In Texas Heat, Scrimmage Is At Dawn

Every year at this time, thousands of Texas teen-agers begin practicing for the state's favorite pastime, football. But with the unbearable heat that has dried up the state, high school football practice won't be the same.

Weeks of triple-digit temperatures have been the norm in much of the state, a red flag condition signaling that schools and coaches must make concessions to keep youngsters safe.

For example, at Dallas Academy, a private secondary school of 140 students, football players must show up at 6:45 a.m. instead of the traditional 3 p.m. practice time.

School Director Jim Richardson said Thursday, "They're wearing pads and helmets; we don't want anyone to have a heat stroke out there."

For 25 straight days, the heat in northern Texas has topped 100 degrees, with no cooling in sight. Statewide, the unmerciless heat has been blamed for 99 deaths.

Nationwide, at least 144 deaths are blamed on the heat wave since May.

Farmers and wild life are the hardest-hit, reports CBS News Correspondent Jim Axelrod. Texas farmers are expected to get between $500,000 and $700,000 in federal crop aid.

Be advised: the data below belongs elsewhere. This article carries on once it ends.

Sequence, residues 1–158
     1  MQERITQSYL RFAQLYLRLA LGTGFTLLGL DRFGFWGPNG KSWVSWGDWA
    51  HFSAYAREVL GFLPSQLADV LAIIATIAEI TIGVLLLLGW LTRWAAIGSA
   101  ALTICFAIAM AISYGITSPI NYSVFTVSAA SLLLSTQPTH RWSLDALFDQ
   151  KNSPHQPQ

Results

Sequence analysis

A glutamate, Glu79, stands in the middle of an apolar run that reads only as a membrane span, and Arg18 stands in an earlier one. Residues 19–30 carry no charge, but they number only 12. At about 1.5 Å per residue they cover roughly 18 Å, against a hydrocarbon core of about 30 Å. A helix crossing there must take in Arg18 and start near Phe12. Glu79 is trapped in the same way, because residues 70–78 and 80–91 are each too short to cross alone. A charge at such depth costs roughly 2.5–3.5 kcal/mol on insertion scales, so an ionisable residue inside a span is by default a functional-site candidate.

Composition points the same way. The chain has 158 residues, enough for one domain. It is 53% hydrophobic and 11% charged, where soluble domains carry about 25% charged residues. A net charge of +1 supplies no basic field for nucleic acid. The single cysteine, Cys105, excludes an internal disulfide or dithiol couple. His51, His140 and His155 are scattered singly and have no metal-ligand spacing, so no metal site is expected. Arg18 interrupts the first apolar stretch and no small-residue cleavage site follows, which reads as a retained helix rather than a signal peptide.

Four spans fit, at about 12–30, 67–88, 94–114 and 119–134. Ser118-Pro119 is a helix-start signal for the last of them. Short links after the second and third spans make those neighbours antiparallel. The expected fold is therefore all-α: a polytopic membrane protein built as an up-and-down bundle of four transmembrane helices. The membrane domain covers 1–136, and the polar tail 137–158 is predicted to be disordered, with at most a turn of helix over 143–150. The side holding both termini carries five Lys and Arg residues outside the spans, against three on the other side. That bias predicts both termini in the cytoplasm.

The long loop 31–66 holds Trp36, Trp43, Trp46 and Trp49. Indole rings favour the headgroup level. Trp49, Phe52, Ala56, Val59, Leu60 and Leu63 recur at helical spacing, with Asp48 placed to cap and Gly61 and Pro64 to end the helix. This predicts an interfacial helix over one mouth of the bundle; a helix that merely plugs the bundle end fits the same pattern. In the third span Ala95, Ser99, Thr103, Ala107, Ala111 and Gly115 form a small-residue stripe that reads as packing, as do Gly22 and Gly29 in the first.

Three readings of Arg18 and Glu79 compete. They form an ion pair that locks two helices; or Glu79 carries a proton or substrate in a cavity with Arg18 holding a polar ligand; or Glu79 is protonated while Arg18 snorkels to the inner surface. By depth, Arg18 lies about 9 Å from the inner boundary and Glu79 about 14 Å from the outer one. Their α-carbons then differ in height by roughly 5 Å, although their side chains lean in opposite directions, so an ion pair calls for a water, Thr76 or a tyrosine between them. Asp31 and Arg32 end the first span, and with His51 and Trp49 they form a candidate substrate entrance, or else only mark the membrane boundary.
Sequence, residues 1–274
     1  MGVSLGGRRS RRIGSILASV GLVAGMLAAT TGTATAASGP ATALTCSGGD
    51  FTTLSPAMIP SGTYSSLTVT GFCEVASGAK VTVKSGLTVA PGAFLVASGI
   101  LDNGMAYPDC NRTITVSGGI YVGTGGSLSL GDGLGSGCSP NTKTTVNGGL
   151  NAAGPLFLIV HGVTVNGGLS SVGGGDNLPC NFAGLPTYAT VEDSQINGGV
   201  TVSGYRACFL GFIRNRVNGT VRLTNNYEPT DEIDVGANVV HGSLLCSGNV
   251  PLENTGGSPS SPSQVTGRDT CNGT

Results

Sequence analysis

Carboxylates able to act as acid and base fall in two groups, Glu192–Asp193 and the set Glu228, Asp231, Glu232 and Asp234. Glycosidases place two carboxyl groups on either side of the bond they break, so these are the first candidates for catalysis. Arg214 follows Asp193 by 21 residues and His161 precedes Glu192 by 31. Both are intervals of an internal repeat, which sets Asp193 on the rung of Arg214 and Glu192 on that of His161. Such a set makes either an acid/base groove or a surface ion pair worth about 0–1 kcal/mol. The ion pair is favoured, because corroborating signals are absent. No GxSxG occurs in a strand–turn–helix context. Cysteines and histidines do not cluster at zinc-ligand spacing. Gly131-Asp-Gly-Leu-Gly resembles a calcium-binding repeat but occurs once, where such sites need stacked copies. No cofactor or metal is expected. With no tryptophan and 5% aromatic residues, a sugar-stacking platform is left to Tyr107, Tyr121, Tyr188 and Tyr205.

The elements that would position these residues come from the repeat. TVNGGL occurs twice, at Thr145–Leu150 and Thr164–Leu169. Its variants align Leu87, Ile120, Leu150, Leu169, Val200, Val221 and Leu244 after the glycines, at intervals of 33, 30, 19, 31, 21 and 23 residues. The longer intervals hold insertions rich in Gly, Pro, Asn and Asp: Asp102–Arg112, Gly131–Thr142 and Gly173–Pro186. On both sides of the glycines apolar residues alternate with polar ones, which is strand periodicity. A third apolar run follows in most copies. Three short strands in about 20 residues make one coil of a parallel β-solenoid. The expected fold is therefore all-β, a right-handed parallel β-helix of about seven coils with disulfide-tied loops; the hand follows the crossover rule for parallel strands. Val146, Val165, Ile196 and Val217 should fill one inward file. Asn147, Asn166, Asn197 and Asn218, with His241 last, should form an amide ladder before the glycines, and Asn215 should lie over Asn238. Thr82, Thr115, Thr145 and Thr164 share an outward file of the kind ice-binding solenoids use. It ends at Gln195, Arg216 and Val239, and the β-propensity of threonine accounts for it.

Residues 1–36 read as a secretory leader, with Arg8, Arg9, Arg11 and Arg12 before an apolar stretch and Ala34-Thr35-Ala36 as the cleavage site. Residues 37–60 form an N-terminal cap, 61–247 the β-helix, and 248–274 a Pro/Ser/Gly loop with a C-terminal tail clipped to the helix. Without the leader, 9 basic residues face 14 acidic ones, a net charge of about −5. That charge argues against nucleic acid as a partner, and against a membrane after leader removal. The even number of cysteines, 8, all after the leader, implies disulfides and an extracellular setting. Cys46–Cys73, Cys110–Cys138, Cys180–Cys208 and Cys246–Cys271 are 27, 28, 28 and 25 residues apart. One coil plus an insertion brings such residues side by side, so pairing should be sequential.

But with August appraoching, concern is turning to school safety, particularly for Texas' atheletes.

On Thursday at Plano High School in Texas, temperatures hit 103 degrees as young band members stood in formation on hot asphalt under the blazing sun.

"It's hot and it's unbearable," said trumpeter Patrick Shay, who with his bandmates took water breaks every 20 minutes.

At St. Mark's School of Texas in Dallas, football players, "are going to be out early in the morning, they'll be in an air-conditioned building in the middle of the day, and then maybe they'll go out again later," said Jim Kirkpatrick, chief financial officer at the all-boys school. He also said all outdoor activities will be limited on days when either the heat or pollution is deemed too heavy to be safe for the boys.

"It's just too much for them, especially the young kids who don't realize they're drying up," Kirkpatrick said. "There are many kids who have respiratory problems. You have to watch out for them."

Health officals are warning people to drink plenty of water, and that goes for everyone: children, elderly people, and those who must be outdoors, as well as the teenage football players and band members.

Normally, Texas schools open up several weeks before Labor Day. With many set to open up Monday, most youngsters will be going back to school in the withering heat.